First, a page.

San Francisco, California, USA
London, United Kingdom
Workshop on Information Processing in Cognition (IPCog-2013)
Complex systems approaches to computational neuroscience and artificial neural systems
Event web page: http://lizier.me/joseph/conferences/201302-IPCog/
Aims and topics
This workshop seeks to examine the intersection of the studies of computation in biological cognition, and the design of artificial cognitive systems, from the perspective of information processing in complex systems.
Computational neuroscience has produced statistically robust tools to analyse brain imaging data, revealing much about how different brain regions interact to create outcomes. A topical area is investigating mechanisms that give rise to complex information processing, in terms of how information is stored and transferred across brain networks. Certainly it is well understood that biological cognition is vastly different from the Von Neumann computing paradigm, involving an enormous number of distributed, simple units. From this perspective, there is much scope for complex systems science to provide insights here, including areas such as: measures of information dynamics, network structure and inference, and synchronization.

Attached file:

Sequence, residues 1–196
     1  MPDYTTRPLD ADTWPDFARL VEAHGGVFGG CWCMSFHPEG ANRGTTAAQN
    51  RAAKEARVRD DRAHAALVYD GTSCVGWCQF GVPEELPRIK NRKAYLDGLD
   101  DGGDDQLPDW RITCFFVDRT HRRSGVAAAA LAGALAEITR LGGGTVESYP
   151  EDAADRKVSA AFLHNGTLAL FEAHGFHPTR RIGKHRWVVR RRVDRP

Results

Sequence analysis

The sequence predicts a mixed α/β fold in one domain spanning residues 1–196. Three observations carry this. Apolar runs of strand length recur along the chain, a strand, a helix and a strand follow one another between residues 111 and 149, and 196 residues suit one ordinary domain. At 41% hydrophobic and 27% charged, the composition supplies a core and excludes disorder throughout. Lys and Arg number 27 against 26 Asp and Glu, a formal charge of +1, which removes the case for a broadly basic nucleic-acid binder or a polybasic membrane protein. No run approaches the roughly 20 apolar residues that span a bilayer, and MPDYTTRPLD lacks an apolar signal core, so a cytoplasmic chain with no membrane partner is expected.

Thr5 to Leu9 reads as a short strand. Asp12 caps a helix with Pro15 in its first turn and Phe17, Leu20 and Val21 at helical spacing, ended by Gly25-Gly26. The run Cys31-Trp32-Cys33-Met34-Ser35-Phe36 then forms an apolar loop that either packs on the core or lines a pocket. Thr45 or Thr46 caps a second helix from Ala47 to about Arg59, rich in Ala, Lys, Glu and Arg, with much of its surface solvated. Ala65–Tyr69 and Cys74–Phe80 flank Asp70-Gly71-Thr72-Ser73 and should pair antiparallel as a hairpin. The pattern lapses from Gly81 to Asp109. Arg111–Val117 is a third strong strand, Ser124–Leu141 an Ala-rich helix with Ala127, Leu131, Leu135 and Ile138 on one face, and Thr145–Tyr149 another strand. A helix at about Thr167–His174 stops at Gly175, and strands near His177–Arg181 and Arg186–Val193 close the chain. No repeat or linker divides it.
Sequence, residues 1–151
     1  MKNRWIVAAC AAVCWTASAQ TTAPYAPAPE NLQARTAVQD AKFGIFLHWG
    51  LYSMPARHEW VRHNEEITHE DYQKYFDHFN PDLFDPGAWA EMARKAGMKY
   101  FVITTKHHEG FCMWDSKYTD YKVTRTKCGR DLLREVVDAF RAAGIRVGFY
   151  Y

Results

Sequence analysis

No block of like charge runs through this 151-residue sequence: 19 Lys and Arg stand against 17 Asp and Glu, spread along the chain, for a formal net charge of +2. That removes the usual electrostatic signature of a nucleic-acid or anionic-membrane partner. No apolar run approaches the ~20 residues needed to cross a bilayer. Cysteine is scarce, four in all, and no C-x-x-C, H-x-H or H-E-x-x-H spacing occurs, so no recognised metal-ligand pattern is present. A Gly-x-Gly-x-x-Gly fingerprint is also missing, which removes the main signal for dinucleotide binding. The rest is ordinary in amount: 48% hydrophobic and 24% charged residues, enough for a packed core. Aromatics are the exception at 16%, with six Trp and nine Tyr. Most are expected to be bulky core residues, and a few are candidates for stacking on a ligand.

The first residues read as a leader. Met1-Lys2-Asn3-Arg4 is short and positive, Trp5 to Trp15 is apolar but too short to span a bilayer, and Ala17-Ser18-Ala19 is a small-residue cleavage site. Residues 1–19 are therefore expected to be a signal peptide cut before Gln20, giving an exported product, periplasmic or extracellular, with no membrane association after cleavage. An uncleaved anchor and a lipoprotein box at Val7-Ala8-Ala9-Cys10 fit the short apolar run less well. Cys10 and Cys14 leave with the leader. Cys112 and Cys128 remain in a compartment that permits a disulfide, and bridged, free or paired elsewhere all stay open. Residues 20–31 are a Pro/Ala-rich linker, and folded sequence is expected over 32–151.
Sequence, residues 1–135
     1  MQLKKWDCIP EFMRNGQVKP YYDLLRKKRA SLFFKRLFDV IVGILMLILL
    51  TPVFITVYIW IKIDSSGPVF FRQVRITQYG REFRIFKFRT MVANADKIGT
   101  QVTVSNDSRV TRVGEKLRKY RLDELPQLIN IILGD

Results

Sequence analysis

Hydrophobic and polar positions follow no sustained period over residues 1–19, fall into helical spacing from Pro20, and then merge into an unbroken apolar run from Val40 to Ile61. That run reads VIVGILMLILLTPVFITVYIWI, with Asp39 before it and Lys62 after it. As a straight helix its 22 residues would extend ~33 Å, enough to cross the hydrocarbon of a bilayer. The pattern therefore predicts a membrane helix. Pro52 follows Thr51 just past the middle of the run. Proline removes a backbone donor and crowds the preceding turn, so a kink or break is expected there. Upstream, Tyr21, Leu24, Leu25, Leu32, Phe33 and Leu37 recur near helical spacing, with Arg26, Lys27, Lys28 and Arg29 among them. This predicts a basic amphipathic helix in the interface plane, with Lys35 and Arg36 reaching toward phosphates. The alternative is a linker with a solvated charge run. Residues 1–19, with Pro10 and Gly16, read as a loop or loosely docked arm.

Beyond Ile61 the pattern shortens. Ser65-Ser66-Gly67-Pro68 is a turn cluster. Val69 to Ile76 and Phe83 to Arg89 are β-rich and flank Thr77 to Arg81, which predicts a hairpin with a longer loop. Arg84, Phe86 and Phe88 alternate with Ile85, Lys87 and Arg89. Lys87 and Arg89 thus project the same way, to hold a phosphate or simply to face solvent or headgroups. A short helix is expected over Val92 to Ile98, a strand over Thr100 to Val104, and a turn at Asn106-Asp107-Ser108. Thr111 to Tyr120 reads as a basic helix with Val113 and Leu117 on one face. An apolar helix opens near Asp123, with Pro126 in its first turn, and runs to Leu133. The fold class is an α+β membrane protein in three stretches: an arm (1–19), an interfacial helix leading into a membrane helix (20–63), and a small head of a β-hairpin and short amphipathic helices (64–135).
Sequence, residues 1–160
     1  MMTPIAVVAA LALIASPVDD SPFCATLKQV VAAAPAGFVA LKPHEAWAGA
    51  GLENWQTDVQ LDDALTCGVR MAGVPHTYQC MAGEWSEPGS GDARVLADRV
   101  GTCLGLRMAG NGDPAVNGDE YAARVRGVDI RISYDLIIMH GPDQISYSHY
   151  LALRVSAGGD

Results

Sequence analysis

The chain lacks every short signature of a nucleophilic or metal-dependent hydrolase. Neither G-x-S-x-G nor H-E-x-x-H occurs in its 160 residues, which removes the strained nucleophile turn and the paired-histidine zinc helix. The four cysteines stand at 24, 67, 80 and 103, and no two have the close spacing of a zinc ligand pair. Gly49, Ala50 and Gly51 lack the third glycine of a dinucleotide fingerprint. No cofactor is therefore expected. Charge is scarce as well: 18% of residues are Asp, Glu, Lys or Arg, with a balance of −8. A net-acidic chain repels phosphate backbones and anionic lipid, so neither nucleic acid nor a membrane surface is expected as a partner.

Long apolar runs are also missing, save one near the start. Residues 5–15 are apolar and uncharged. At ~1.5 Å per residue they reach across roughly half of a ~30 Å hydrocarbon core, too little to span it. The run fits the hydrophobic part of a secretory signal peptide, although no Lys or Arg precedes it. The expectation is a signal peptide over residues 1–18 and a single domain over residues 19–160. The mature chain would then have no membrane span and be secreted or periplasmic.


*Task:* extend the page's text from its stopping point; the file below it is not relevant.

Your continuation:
From another perspective, traditional computation faces the challenge of matching the performance of biological computation. The challenge must be met in order to deliver next-generation leaps in performance, and to be able to handle future problems. There are several approaches towards these challenges, with much hype around "Big Data", and the large-scale Blue Brain project. Again however, there is certainly much scope for complex systems science to provide insights to further the field, e.g., regarding biologically inspired hardware and software, combinations of distributed computing and data-processing together, and principled approaches to guiding the emergence of intelligence.
This workshop seeks to bring together active researchers from these communities to consider these issues, discuss current research in the area and future directions and challenges.